The No. 1 Mistake Architects Make With Design Fees
Design fee consultant Ian Motley explains how architects can increase architectural fees and profit margins with a simple change to their pricing strategy.
For decades architects have struggled with a common dilemma: “How can we communicate the VALUE inherent in the design services that we provide and receive an adequate fee for architectural services?”
Proposing the right fee and communicating value is a problem faced by many industries, not just the design industry.
For example, back in the early 2000s, one of the largest insurance companies in the United States (Allstate) decided it was time to address this issue head-on by conducting a customer ‘value’ survey. I would like to review the results of their survey and demonstrate how it can help architects write more successful fee proposals.
Customer Value Survey
One of the objectives of the Allstate survey was to learn more about their customer’s values so that they could increase their value proposition, attract more customers, and run a more profitable business.
The results of their survey were quite intriguing!
You see, while they were able to confirm that the initial price of insurance plays a pivotal role in their customers purchasing behaviour, they were also able to confirm that price was not their only consideration when purchasing auto insurance.
Price is Not the Only Consideration
Many Allstate customers reported other concerns, including the potential for costs to increase (should they tarnish their driving record with an accident or claim) and the potential for cost savings (should they maintain a clear record with zero claims).
So, in 2005 Allstate set about amending their pricing strategy to address the different values expressed by their customers.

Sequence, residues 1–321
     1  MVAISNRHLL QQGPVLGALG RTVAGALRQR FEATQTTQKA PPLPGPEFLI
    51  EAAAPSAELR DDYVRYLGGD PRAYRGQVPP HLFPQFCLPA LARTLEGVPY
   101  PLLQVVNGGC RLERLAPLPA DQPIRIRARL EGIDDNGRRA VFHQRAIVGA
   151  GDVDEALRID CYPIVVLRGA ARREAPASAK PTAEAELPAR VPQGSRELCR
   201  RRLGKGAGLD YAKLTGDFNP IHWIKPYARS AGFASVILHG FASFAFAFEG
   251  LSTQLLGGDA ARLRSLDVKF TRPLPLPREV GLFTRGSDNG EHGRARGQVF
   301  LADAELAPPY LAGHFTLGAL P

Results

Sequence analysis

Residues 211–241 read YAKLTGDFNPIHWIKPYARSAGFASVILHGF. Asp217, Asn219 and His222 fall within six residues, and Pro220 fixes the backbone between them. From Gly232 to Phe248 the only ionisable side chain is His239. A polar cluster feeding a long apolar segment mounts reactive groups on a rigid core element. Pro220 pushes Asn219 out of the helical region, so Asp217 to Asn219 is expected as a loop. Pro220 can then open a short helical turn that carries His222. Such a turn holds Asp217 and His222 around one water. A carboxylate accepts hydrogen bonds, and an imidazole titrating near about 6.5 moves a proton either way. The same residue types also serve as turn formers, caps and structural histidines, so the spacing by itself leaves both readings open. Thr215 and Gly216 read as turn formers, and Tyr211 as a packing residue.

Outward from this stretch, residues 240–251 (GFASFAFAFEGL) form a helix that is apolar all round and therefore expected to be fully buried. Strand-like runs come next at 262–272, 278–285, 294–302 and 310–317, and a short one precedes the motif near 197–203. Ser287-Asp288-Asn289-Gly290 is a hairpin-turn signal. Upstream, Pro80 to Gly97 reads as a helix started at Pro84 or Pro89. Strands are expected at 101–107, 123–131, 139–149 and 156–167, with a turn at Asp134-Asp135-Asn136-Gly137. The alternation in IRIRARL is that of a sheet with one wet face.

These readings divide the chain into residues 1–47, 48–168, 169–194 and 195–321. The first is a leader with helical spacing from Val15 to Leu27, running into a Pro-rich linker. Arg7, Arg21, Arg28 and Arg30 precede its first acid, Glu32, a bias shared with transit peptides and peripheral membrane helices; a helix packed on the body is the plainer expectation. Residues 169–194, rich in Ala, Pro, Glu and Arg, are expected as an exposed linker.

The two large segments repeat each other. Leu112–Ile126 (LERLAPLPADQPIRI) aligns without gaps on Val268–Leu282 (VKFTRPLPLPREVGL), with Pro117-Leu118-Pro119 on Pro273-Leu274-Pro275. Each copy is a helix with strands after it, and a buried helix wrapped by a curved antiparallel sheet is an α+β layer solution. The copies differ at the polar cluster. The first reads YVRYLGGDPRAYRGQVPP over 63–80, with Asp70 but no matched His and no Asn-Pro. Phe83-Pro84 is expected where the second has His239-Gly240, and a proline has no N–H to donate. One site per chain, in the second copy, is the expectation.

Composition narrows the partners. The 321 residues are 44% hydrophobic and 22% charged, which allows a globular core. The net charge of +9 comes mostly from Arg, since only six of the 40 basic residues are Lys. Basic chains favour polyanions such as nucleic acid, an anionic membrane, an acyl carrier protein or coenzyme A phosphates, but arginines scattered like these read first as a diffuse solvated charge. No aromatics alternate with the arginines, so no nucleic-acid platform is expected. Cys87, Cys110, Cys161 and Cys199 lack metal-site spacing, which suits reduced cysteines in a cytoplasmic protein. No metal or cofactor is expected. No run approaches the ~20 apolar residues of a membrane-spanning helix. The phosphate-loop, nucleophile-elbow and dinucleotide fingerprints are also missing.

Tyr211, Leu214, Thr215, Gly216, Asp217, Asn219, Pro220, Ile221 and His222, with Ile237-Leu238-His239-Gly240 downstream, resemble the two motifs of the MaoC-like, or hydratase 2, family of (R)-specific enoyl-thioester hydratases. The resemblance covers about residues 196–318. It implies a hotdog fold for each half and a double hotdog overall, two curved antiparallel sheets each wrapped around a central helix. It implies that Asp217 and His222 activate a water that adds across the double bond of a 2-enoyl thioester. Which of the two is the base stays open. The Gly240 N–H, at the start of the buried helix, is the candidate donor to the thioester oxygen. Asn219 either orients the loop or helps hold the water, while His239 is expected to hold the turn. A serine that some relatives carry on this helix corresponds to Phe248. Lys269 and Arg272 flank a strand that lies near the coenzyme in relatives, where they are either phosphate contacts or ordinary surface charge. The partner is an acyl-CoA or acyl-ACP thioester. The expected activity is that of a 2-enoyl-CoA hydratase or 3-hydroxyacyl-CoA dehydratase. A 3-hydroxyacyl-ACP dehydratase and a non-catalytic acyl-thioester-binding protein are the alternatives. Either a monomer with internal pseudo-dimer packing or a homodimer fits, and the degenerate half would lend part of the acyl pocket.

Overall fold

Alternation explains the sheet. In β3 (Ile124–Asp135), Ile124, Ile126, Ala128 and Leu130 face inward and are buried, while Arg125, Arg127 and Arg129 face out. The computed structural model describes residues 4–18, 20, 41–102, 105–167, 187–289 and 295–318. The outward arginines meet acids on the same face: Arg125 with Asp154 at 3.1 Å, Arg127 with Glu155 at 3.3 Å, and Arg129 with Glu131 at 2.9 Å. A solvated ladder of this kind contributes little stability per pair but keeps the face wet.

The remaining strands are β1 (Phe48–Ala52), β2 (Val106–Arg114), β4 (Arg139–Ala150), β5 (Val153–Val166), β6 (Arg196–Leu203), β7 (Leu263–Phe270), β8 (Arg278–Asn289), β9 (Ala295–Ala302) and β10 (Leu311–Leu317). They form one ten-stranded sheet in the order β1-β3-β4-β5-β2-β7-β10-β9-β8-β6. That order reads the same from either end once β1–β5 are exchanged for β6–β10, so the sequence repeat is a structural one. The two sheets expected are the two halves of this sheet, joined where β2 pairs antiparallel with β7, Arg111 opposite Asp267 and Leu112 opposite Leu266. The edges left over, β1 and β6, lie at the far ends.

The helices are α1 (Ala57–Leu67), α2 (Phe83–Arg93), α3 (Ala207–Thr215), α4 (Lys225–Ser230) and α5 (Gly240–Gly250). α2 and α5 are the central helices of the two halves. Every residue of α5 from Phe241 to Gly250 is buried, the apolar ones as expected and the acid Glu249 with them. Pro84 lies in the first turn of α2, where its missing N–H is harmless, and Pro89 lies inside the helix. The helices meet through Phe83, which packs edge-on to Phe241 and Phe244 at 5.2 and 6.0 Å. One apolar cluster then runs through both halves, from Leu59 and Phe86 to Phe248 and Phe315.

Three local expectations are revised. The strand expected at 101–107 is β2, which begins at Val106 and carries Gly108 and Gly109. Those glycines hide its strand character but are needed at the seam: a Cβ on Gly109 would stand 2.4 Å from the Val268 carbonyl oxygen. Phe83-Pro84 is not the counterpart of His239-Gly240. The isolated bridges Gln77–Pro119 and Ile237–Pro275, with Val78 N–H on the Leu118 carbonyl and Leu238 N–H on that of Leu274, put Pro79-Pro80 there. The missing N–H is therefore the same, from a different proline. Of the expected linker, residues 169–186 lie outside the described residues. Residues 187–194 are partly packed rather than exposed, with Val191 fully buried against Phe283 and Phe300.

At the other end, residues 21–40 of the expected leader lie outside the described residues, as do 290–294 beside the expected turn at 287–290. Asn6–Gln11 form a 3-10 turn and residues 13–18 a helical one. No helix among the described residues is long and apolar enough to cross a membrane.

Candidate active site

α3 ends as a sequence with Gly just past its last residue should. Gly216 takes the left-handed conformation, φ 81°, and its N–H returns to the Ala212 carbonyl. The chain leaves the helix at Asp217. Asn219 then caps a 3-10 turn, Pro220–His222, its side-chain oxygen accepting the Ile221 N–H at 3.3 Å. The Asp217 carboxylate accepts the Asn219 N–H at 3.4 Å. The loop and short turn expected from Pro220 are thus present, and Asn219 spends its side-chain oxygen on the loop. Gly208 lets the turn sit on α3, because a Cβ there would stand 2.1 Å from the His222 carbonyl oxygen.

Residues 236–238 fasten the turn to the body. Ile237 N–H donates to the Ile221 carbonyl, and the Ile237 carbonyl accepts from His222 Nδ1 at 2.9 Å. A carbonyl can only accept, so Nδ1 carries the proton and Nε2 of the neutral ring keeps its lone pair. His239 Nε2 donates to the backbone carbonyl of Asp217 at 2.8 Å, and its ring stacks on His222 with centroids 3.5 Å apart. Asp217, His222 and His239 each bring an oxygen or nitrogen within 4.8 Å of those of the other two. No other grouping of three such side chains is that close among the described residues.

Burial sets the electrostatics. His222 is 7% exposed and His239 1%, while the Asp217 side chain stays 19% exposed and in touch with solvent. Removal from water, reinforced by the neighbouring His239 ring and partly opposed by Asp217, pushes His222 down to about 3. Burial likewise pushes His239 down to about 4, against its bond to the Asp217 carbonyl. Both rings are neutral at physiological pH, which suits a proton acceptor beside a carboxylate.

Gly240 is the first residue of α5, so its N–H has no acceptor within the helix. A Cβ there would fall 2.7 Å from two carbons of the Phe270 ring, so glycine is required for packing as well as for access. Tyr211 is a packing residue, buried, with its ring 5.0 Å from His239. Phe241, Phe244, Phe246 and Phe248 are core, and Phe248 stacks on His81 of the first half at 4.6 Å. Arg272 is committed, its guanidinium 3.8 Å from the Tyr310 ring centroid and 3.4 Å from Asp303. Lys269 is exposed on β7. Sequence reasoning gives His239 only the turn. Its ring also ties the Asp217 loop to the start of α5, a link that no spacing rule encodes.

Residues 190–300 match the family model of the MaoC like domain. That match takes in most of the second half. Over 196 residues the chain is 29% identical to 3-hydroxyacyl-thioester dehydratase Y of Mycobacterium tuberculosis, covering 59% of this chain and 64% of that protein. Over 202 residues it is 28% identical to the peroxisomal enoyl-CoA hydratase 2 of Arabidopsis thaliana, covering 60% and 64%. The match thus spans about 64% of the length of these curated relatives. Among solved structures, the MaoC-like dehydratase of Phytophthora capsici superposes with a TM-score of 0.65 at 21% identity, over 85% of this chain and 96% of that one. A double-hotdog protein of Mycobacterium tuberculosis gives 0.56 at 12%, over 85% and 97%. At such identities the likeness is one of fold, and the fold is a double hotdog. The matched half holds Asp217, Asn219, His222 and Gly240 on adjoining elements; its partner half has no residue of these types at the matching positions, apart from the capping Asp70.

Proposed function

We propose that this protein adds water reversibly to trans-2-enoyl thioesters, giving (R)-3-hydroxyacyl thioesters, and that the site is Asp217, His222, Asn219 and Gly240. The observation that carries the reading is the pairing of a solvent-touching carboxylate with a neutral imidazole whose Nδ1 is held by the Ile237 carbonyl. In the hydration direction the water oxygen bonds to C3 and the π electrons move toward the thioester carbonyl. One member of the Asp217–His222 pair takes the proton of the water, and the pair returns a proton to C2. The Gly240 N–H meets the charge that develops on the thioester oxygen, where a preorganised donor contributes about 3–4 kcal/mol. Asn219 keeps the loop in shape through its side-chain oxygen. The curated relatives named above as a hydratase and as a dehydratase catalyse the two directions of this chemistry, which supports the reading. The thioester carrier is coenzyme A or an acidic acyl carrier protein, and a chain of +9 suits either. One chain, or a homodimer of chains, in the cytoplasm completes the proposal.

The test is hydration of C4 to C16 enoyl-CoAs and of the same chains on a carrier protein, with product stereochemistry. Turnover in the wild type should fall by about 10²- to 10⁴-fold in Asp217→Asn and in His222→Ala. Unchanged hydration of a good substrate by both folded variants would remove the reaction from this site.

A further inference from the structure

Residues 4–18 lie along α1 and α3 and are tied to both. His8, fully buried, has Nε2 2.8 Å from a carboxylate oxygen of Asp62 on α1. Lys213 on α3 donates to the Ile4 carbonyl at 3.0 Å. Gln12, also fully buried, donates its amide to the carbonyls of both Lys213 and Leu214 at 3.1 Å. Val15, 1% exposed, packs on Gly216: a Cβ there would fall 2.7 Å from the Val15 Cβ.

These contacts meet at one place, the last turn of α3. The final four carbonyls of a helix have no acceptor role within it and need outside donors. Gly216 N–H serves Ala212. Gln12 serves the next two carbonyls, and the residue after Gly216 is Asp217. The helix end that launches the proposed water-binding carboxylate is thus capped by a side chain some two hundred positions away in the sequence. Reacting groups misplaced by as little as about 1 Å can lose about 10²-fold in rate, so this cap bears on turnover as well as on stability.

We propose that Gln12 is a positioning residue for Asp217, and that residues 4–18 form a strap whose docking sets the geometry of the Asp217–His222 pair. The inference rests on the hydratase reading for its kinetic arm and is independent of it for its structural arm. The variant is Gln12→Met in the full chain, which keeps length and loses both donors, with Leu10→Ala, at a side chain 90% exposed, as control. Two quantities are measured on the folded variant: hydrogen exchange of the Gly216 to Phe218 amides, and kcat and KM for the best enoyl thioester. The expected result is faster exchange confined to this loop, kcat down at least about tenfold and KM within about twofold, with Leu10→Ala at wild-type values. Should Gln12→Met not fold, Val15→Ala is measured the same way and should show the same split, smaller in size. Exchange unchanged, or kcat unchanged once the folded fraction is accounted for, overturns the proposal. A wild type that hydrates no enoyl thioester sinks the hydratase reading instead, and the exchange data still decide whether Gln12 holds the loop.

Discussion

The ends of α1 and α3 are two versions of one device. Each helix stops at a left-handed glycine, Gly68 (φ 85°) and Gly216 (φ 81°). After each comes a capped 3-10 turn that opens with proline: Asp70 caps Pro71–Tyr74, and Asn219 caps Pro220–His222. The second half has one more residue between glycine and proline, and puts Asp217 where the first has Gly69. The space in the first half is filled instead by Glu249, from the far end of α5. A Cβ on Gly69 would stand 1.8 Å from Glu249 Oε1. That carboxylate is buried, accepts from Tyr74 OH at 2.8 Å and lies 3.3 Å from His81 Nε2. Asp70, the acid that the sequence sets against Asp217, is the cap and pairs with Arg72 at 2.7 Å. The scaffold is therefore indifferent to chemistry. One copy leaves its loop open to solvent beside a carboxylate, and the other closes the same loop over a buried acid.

How to Demonstrate Value in Auto Insurance
This led to the development of not one, but four different insurance plan options, and four different price points, for their customer’s consideration.
Option 1: Accident Forgiveness Plan
First, there was Allstate’s original insurance policy they call the Accident Forgiveness Plan because it offers all customers the opportunity to maintain their current insurance premium if they’re able to achieve five years accident-free.
Option 2: Value Plan
Then there’s the Value Plan option. This was a new option aimed at the budget-conscious customer because it includes a 5% lower premium, but no Accident Forgiveness coverage.
Option 3: Gold Plan
Next is the Gold Plan option. This policy offers immediate Accident Forgiveness (for those customers who don’t want to wait five years) in return for a 5% increase on the Standard Plans fees.
Option 4: Platinum Plan
And finally, there’s the Platinum Plan option. This option includes the Accident Forgiveness policy for multiple claims, plus a safe-driver bonus credit, for each accident-free six-month period. The Platinum Plan option can be purchased for a mere 15% above the cost of the Standard Plan option.
According to the statistics published in the September–October 2018 edition of the Harvard Business Review, Allstate had sold 3.9 million auto insurance policies by 2008, and was reportedly selling 100,000 new policies each month.
By 2017, nearly one in every four customers (23%) had chosen to purchase a higher-priced insurance policy by selecting either the Gold or Platinum insurance plan option.
That’s not all – at the other end of the spectrum, Allstate also reported that 1 in every 10 customers was signing up to their Value Plan. These are customers who are highly price-sensitive and may have gone elsewhere for auto insurance coverage had the Value Plan not been made available.
Successful Pricing Strategy
By any measure, Allstate’s pricing strategy changes have been a huge success.
One of Allstate’s senior vice presidents, Floyd Yager, was quoted as saying: “There were a lot of sceptical people in the company… but we demonstrated that car insurance doesn’t have to be about being the lowest-price game.”
Architectural Fees and Multi-fee Pricing Strategy
Too few architects implement a multi-fee pricing strategy, like the one described in the case study above.
A multi-fee pricing strategy not only allows architects to serve a broader range of clients (from price-sensitive to exclusivity driven) but it enables architects to educate their clients on the different types of design services available (and the benefits associated with a higher-priced service).
Architectural Fees Don’t Have to be Low
So, when writing your next fee proposal, remember: design services don’t have to be about being the lowest-price service provider. Give clients a range of design service options, at different price points, and you’ll be amazed at how many clients choose to purchase a higher quality design service from you.
Ian Motley of Blue Turtle Consulting is a design fee consultant, speaker and author specialising in design fees, conversion rates and scope creep. Blue Turtle offers a range of Fee Proposal Workshops and other resources.
Photo by Andreas Breitling, Pixabay.